After running a jewelry boutique with his twin brother while at university, Malik landed a gig in the telecom business that sent him to Dubai several times a year. It became the catalyst for his move to the sprawling metropolis filled with big skyscrapers and even bigger money.
“At the beginning of January 2011, I took all the money I had and a suitcase, and I knocked at my friend’s door,” says Malik. “I said, ‘I’m moving in now. Let’s do something.’ ” Nine months later he opened Momentum Dubai, the emirate’s first dedicated vintage-watch destination. His inventory of about 60 models sold out in just two months.
Still, he operated by trial and error at the beginning. The storefront, located in the Dubai International Financial Centre, launched with 15 brands, including Omega, Heuer, Bulova and Breitling. But Rolex has become its bread and butter, accounting for roughly 90 percent of the business. “This is how we got there: by doing what our clients want to see,” says the 46-year- old Malik. A recent crowning achievement was a Rolex Daytona Ref. 6263 outfitted with the UAE Ministry of Defence coat of arms in lieu of the brand logo, which sold for $350,000.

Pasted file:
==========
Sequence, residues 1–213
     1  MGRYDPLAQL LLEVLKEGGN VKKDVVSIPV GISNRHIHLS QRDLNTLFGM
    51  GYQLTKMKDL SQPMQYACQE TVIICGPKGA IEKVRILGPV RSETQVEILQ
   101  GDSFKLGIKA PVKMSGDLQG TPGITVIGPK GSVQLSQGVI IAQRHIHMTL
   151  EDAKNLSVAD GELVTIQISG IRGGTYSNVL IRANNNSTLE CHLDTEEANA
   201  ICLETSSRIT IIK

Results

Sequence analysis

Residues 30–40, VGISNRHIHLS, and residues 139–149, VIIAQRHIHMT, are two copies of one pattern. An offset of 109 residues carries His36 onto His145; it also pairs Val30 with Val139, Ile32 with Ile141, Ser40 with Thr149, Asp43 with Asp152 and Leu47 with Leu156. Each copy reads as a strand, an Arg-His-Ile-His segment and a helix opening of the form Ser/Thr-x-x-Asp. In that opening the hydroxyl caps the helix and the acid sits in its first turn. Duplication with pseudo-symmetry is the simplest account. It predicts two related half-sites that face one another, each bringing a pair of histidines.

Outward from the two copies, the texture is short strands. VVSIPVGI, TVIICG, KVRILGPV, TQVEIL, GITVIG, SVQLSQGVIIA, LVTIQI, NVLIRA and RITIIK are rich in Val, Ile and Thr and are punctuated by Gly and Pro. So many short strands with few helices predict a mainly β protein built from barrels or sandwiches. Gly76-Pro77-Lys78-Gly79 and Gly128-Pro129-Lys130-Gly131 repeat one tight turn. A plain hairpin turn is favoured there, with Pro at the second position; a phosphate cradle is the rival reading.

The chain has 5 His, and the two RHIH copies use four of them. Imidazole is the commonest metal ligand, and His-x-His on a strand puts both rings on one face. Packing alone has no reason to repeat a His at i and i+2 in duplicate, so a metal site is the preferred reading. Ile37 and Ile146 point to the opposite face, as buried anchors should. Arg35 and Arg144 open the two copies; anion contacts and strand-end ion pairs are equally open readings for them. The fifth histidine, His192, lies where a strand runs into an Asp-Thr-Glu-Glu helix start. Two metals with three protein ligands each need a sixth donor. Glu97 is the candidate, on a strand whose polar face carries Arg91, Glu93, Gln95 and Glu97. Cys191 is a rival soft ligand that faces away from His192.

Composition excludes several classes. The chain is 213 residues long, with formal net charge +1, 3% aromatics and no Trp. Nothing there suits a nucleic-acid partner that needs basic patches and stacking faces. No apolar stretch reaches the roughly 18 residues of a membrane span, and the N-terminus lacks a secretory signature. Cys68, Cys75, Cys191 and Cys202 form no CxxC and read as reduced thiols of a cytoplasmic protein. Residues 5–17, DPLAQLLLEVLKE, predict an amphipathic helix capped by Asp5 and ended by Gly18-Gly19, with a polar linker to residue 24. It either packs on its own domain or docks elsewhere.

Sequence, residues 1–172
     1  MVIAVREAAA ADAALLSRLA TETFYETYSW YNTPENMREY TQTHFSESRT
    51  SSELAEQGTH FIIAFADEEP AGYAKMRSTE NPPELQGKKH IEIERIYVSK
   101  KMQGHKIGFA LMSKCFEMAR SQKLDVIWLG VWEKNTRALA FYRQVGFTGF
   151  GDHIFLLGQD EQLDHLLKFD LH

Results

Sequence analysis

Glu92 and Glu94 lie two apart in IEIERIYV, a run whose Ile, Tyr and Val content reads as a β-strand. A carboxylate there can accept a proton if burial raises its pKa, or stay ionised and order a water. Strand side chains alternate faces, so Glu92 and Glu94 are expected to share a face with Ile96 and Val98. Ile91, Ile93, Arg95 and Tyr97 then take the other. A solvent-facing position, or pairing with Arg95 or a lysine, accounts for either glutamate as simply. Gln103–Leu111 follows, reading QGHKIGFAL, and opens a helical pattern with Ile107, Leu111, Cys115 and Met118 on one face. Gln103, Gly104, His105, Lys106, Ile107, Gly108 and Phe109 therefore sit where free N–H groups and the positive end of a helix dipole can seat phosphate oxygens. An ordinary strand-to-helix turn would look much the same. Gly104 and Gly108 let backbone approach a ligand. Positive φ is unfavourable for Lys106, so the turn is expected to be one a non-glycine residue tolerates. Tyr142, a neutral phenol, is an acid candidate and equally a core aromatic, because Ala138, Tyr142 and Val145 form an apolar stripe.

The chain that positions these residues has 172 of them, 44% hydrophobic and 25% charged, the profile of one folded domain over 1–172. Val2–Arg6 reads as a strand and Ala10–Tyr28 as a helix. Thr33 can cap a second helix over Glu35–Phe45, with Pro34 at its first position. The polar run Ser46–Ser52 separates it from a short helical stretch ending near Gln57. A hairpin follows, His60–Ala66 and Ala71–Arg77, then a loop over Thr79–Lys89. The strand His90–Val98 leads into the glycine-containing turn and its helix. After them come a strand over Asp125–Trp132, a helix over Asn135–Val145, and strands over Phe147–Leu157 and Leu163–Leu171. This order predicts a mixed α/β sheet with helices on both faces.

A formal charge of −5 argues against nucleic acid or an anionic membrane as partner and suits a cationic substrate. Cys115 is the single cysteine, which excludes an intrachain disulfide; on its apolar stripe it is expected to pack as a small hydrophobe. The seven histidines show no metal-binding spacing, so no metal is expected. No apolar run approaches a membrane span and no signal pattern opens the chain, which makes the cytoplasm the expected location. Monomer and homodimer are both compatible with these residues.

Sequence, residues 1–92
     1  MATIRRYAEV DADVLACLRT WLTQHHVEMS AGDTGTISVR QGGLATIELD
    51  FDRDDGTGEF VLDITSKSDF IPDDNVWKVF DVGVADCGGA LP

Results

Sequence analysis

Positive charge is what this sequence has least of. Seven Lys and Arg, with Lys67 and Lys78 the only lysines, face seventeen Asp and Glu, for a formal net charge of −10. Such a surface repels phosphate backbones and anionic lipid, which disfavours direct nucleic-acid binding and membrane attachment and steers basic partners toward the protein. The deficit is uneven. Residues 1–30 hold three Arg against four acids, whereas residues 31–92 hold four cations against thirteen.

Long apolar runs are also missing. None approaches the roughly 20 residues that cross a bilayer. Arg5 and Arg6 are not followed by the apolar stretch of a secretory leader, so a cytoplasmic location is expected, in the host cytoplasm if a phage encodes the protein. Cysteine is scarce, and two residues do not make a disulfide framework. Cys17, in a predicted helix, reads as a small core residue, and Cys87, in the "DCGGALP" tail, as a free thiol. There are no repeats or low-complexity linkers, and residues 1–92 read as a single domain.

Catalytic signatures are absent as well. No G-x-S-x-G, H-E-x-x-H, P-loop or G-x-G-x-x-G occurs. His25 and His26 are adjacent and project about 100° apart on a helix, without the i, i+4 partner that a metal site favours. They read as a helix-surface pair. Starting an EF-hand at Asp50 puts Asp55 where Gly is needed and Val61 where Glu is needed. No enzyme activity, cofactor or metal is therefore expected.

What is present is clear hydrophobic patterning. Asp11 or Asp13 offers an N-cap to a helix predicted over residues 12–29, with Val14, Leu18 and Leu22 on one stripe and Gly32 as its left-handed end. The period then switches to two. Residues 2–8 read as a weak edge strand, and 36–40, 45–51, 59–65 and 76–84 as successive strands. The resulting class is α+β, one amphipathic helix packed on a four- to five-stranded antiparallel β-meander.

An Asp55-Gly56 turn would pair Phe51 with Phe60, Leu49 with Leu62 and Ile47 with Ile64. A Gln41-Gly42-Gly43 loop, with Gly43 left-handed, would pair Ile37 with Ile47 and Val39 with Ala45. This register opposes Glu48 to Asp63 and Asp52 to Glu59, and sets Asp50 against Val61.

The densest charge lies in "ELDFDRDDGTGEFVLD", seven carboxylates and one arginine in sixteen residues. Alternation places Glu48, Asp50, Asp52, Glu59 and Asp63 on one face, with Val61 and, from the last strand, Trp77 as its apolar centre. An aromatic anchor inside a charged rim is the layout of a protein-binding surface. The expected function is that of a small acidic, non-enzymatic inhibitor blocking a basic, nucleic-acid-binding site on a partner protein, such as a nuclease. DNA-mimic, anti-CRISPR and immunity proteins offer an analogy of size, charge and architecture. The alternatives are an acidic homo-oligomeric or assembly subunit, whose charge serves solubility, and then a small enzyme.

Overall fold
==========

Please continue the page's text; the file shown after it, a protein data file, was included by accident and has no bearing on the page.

While he deals in big-league “Rollies,” Malik says Rolex Day-Dates are his personal preference. “We had a little bit of a hand in creating that trend around the Day-Date, a slightly forgotten watch among collectors,” compared to Daytonas, GMT-Masters or Submariners, says Malik. The vault stows anywhere from 20 to 30 at a time, each distinguished by a special detail not typically seen in large-production editions. During a year when even a DateJust is hard to come by in a Rolex boutique, Malik might be onto something.
“Stella” Day-Dates, Rolex GMT-Master II Ref. 16710, Rolex Submariner Ref. 14060 and Ref. 16610